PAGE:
Heroes, Rogues, and the Inside Story of the Baseball Hall of Fame
Bloomsbury USA, Hardcover, 9781596915459, 256pp.
Publication Date: June 9, 2009
The first book to draw back the veil on the Hall of Fame, combining an insider's history of the Hall and its players with a consideration of baseball's place in culture.
The National Baseball H all of Fame is the holiest institution in American sports. It's not just a place to honor great athletes. It's where America's pastime announces to the world what it is and what it wants to be. It's not just a sports museum; it's a mirror of American culture. As Zev Chafets points out, it's no coincidence that the first black Hall of Famer, Jackie Robinson, was inducted in 1962, at the height of the civil rights movement. Or that the Hall is now planning a wing to honor Latino players. For a hundred years, the story of the Hall of Fame has been deeply tied up with the story of America.
For the first time, this book shows the inner workings of the Hall: the politics, the players, and the people who own and preserve it. From the history of the founding Clark family to a day on the town with the newly inducted Goose Gossage, from the battle over steroids to the economics of induction and secret campaigns by aspiring players, this is a highly irreverent and highly entertaining tour through the life of an American institution. For anyone who cares about baseball, this is essential reading.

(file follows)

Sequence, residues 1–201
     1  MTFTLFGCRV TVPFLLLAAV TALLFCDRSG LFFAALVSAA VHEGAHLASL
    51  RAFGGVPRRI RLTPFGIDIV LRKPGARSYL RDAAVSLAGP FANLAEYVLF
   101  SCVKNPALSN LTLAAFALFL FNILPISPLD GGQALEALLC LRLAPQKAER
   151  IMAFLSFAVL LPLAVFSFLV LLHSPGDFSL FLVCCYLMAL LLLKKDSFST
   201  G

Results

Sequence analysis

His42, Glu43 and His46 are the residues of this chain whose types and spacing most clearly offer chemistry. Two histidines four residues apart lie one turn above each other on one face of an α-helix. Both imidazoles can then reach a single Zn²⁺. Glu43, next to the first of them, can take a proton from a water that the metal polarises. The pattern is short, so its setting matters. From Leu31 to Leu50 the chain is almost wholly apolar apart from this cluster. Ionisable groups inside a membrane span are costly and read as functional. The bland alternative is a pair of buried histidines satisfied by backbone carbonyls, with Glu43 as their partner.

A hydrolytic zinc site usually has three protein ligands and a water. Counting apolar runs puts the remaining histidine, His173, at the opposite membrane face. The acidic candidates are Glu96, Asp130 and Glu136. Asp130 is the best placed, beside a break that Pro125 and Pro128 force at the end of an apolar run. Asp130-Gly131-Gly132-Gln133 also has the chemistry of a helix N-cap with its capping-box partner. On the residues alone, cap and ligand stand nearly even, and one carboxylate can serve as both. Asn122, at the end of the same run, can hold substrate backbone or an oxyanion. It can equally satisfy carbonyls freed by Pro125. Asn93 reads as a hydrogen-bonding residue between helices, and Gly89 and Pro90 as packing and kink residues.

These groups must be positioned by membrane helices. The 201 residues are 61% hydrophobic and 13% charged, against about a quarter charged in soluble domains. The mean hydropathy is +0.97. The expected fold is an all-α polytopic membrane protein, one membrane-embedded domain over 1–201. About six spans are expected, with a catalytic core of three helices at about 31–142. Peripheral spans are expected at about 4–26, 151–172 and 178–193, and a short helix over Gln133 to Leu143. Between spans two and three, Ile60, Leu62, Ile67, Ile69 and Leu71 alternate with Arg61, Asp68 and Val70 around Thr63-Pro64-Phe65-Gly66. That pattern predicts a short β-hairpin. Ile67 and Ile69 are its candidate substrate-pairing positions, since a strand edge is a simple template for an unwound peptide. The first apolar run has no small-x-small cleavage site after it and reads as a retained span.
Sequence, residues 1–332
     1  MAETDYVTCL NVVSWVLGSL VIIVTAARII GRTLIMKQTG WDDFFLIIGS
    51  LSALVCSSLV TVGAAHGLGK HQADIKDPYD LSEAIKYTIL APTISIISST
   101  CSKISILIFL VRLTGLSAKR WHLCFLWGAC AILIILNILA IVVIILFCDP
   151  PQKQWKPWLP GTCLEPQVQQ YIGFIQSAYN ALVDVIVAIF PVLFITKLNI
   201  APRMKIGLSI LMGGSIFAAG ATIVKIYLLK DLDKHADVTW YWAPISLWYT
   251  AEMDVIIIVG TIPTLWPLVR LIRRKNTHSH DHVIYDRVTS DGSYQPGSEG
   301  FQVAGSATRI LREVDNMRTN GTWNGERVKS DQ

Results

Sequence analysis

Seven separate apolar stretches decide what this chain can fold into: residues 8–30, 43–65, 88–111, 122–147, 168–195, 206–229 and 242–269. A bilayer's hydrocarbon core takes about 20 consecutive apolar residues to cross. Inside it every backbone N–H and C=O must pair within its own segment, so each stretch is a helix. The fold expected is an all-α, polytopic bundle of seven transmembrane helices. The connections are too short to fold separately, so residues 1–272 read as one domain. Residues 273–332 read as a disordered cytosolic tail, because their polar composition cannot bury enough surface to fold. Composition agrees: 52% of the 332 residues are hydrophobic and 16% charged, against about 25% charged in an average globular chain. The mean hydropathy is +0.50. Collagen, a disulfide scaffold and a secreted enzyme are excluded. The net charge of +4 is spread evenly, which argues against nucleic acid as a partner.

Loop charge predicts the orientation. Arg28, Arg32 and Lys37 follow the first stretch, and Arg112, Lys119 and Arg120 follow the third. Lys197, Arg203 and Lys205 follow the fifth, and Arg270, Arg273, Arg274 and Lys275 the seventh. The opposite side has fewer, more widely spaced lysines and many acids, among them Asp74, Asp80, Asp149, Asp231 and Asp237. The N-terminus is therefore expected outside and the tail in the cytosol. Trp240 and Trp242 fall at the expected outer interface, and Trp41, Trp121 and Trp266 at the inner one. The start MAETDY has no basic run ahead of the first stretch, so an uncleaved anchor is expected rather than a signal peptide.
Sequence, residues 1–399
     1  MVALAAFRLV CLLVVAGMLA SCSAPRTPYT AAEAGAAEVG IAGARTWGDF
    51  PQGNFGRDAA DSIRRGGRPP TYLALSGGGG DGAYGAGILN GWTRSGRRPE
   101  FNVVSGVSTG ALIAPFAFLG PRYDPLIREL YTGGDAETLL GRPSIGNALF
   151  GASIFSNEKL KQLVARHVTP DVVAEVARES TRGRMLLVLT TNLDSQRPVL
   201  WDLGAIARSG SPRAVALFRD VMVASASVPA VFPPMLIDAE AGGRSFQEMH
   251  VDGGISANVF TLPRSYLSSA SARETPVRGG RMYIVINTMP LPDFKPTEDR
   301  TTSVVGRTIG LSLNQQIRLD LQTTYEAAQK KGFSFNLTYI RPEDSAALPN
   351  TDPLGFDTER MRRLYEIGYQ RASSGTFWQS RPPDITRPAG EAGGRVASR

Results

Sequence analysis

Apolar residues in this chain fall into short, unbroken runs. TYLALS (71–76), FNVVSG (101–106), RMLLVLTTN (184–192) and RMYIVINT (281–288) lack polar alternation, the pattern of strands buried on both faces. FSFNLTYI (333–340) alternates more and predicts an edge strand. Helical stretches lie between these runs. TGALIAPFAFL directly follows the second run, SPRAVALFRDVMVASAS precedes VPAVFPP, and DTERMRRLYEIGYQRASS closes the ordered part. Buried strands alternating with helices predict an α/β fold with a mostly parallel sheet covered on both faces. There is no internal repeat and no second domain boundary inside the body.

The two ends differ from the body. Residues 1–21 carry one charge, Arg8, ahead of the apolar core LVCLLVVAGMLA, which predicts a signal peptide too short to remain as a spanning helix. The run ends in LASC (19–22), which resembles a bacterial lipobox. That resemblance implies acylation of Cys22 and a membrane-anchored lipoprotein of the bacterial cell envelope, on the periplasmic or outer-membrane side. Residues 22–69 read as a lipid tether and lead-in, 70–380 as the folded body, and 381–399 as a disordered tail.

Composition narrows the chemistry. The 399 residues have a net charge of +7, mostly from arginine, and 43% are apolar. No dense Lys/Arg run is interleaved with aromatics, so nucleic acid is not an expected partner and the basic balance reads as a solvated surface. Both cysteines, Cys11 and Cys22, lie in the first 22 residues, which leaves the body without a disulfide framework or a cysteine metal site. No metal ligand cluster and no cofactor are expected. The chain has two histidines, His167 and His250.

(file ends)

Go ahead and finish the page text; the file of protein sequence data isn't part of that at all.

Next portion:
"Chafets brings both a fan’s affection and a social critic’s eye to his examination of the Cooperstown, N.Y. institution...amusing, sardonic and convincing." —Kirkus "Chafets briefly explores the history of how the Hall of Fame came to pass, but the real good stuff comes as he dives into the politics of the museum and how race has played a role in who has received election and who has received the shaft. He looks at the “monks” who oversee the hallowed halls, the writers who act as gatekeepers to the Hall of Fame, and explains how election can make what was once a player's worthless memorabilia into a gold mine. Much of Chafets's subject matter is sure to strike a chord with baseball fans… gives the reader a glimpse beyond what one might see at the exhibits.” —Publishers Weekly "The Baseball Hall of Fame has long been viewed as some sort of pristine baseball palace, a hardball Mecca where the ghosts of greats walk the corridors. In Cooperstown Confidential, Zev Chafets does not merely humanize the Hall and its inhabitants—he paints a fascinating, in-depth, occasionally outlandish portrait to be hung alongside the busts of the Babe and Hammerin' Hank. Chafets knocks this one over the Green Monster." —Jeff Pearlman, author of Boys Will Be Boys and The Bad Guys Won "Put in a couple of dead bodies, an inquisitive professor who looks a lot like Tom Hanks and maybe a car chase or two and Zev Chafets would have sports' answer to The DaVinci Code. Oh well -- we'll have to settle for a literate and provocative climb through the cobwebs, misconceptions and flat-out prejudices that exist behind the shiny exhibits at the Baseball Hall of Fame. Nice work. Maybe Tom Hanks can play Zev Chafets in the movie." —Leigh Montville, author of The Big Bam: The Life and Times of Babe Ruth "Red Smith suggested blowing up the Hall of Fame and starting over, and Zev Chafets has planted the bomb. This smart, tough, funny history uses the flawed temple of the game as a prism to examine the nation as well as its pastime - sex, steroids, stats, and all." —Robert Lipsyte, author of Heroes of Baseball The story of the Hall is baseball and politics, lust for fame and gain, ridiculous ballyhoo and deadly serious business. Somehow, Zev Chafets got it all -- and told it with toughness, humor, and grace." —Richard Ben Cramer, author of Joe DiMaggio: The Hero's Life "Cooperstown Confidential is not the standard collection of rosy ancedotes about Hall of Fame baseball players. It is a fascinatingly hard-edged look inside the hallowed institution, and that makes it all the more delightful and revealing." —David Maraniss, author of Clemente and When Pride Still Mattered